Handling the Holidays

5.3K reads

When holiday season or the summer break roll around, separated parents could either get overwhelmed, or have a great time together. While some families handle these situations with ease, for others it can be a total nightmare. So what should you do and who should compromise?

Discover 36 more articles on this topic

Browse Full Outline

Naturally, the best case scenario is when the two parents remain friends after the separation, and both compromise, for the children’s sake. More often, the decisions are settled in custody hearings and agreements. However, legal agreements don’t tell you how to act and what to do, in order for everyone to have an enjoyable, fight-free holiday. Surely though, you can keep the peace, when the family has to come together for a special occasion, in order to make your children happy. You just have to take advantage of a few useful tips.

Quiz 1 Quiz 2 Quiz 3 All Quizzes

What if You Can’t Reunite the Two Families?

Some children celebrate two Christmases, two birthdays, and so on. While it may be fun for some children to have double festivities, others may have a hard time enjoying themselves, without the other parent and relatives involved.

However, if the situation is awkward or results in even more conflict, it’s best to keep people apart. Remember that conflict and aggression make it even more difficult for children, since they may feel in the middle of the “battle”.

Of course children can’t be split in half, but what we can try to do is divide the time they spend in each home. In this way, the efforts can be guided towards making the time spent with each parents as even as possible. With a bit of planning and willingness to communicate with your ex, it’s always possible to spend time with your children on important dates.

Reuniting the Families and Keeping the Peace

There are some occasions where it will be virtually impossible not to reunite with your ex and probably even his/her new family. Unless you want to miss out on your children’s events and important life experiences, such as school plays and parties, graduation, and even their wedding, you’ll need to maintain a civilized relationship with your ex.  That’s the best way to keep the peace between the two families.

If you and your ex have healed and have now established a relationship based on friendship and mutual respect, this shouldn’t be a problem. If, however, you aren’t on the best of term, you could benefit from considering the following:

Avoid Confrontation

If a certain subject is sensitive, don’t go there. It’s best not to blurt out everything that goes through your mind. Being civilized and respectful to your children’s needs, is partially about maintaining a cordial relationship, and avoiding private arguments in public. Silence can be a good response as well.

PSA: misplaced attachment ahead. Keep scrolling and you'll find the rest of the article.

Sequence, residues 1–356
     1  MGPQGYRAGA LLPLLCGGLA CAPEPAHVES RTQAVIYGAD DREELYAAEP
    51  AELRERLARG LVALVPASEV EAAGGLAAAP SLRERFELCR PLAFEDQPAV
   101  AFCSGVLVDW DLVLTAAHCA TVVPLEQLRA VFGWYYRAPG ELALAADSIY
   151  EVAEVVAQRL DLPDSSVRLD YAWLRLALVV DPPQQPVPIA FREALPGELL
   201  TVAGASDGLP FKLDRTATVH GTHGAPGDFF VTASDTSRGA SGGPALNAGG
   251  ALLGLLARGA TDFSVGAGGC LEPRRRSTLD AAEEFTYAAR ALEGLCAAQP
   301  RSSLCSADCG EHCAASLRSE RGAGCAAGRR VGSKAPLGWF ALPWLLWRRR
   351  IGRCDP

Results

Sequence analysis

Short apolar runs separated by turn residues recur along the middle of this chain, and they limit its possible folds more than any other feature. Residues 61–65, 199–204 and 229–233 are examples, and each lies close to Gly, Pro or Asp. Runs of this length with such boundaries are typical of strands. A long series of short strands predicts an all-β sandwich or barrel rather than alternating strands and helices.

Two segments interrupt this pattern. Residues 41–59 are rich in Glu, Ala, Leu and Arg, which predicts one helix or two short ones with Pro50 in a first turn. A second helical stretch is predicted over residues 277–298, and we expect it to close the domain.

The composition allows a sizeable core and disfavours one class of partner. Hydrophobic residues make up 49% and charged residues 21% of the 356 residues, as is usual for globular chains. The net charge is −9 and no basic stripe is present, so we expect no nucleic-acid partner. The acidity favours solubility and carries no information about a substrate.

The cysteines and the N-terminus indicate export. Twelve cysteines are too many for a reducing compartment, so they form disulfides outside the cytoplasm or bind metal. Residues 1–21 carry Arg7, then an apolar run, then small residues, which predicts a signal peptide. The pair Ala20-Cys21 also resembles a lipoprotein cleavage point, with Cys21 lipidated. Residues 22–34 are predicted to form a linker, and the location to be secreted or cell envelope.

Don’t Sit too Close

To avoid having to mingle and make small talk with someone you’re not interested in, you can quietly ask to be seated elsewhere, with people you feel comfortable talking to.

Don’t Judge or Criticize

When we’re angry, it’s easy to start a fight. Everything that the other person does is wrong and you may feel like your ex should just not be there. However, remember that this person is also your children’s parent and has every right to want to share important events. It’s all part of keeping the bond alive. If you don’t have anything nice to say, it’s best not to make any observations at all.

Be Patient

Actually, you’ll need to be extra-patient in these situations. If you ever feel like you’re losing your cool, you can always go to the bathroom and give yourself some time to calm down. Try to distract yourself with other things, rather than focus on what has upset you.

See the Big Picture

It’s not about you, how much you still feel hurt or humiliated. It’s about your children and giving them a sense of family and being loved.

Be Friendly

There’s no use in making someone feel unwelcome or unwanted. Instead, try to be glad that they have shown up. It’s important for your children to see their parents still being parents, despite no longer being in a romantic relationship.

Full reference: 

(Jan 12, 2016). Handling the Holidays. Retrieved Jul 23, 2024 from Explorable.com: https://explorable.com/e/handling-the-holidays

You Are Allowed To Copy The Text

The text in this article is licensed under the Creative Commons-License Attribution 4.0 International (CC BY 4.0).

This means you're free to copy, share and adapt any parts (or all) of the text in the article, as long as you give appropriate credit and provide a link/reference to this page.

That is it. You don't need our permission to copy the article; just include a link/reference back to this page. You can use it freely (with some kind of link), and we're also okay with people reprinting in publications like books, blogs, newsletters, course-material, papers, wikipedia and presentations (with clear attribution).